Assessment of seedling failure in peripheral populations of Umpqua green gentian (Frasera umpquaensis)
Frasera umpquaensis is a long-lived perennial that may live up to 80 years (Kaye 2001). Most populations are found along the Rogue-Umpqua divide. This report describes activities at five sites
Frasera umpquaensis is a long-lived perennial that may live up to 80 years (Kaye 2001). Most populations are found along the Rogue-Umpqua divide. This report describes activities at five sites in peripheral populations along the Calapooya divide; Sourgrass Mountain, Sourgrass Mountain Southeast, Elk Meadows, Elk Camp Shelter and Nevergo. Seedling recruitment at these sites had been reported to be absent and therefore the success of these populations was in question.
In order to test seed production and viability, seeds were collected at each site and tested for germination using both germination and tetrazolium tests. Germinated seeds were used to grow plants that were used in our experimental plots. In order to test the effects of litter, canopy type, propagule type (seeds vs. transplants), and exposure on seedling recruitment and survival, treatment plots were set up in the meadow and along the forest edge adjacent to existing populations. Plants were monitored in 2009 and 2010 to assess the survival of the plants within the treatment plots. We also surveyed the populations for natural recruitment. Briefly, we found that,
- Viability of seeds collected at the sites range from 5% – 92%.
- On the forest edge, plants had higher survival with northern exposure.
- Mortality of seedlings (both natural and seeded) is high from one year to the next.
- Survivorship of transplants is higher than seeds.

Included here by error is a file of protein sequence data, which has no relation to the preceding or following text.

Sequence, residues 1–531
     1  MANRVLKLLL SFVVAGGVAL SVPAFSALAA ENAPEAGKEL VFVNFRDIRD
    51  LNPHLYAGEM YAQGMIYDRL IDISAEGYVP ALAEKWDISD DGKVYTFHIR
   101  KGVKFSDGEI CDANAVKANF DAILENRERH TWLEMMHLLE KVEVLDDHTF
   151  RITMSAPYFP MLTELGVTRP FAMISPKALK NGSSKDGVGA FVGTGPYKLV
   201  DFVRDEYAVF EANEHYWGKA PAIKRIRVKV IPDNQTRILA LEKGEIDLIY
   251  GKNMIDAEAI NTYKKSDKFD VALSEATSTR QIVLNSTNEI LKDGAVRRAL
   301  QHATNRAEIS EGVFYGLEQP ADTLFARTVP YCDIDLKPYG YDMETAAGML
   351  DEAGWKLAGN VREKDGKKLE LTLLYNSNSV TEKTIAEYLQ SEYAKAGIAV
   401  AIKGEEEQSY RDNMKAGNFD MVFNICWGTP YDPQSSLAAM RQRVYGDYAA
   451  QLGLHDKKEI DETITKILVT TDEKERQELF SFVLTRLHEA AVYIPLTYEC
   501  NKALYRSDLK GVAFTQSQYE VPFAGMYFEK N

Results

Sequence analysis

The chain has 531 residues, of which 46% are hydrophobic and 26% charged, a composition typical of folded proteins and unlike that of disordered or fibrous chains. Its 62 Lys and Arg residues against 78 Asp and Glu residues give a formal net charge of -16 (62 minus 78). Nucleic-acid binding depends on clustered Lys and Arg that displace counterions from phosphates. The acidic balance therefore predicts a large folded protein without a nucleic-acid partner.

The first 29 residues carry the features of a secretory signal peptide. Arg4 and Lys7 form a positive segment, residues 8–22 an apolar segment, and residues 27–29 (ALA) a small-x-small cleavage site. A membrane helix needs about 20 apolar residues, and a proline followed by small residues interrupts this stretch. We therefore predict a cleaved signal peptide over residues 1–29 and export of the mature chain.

- We found no evidence for significant effects of canopy type (forest vs. meadow), litter depth or soil moisture.
- Natural seedlings were found at most sites.
- Due to the low recruitment in these populations, one of the most important activities for their preservation is prevention of anthropogenic impacts. In 2010, we observed significant damage by ORVs in the boggy area adjacent to the F. umpquaensis population at Elk Camp Shelter. Given its location, this site is at the most risk for ORV damage; however the others could also be affected.
Given our observations of natural recruitment at some of the sites, apparently synchronous flowering of most plants every 3rd or 4th year, and variations in plants size between years, we recommend establishing two levels of annual monitoring. First, all sites should be surveyed each year for all individuals, including seedlings. Second, all individuals should be tagged and monitored for characteristics including height, number of leaves, and flowering status. Monitoring should include introduced plants. Annual data of this type would allow us to detect important population changes, rates of establishment in years after flowering events, and determine correlations between climate variables and population traits. Given the short duration of this study, continuous monitoring of the plants introduced through this project is necessary to provide insight into the population dynamics of this species.
Finally, our research suggests seed addition and planting seedlings may both be successful methods to augment declining populations of F. umpquaensis. Although these populations are not continuous with populations in the core of this species habitat, they may contain genetic diversity not represented elsewhere that may be important for the long term viability of the species.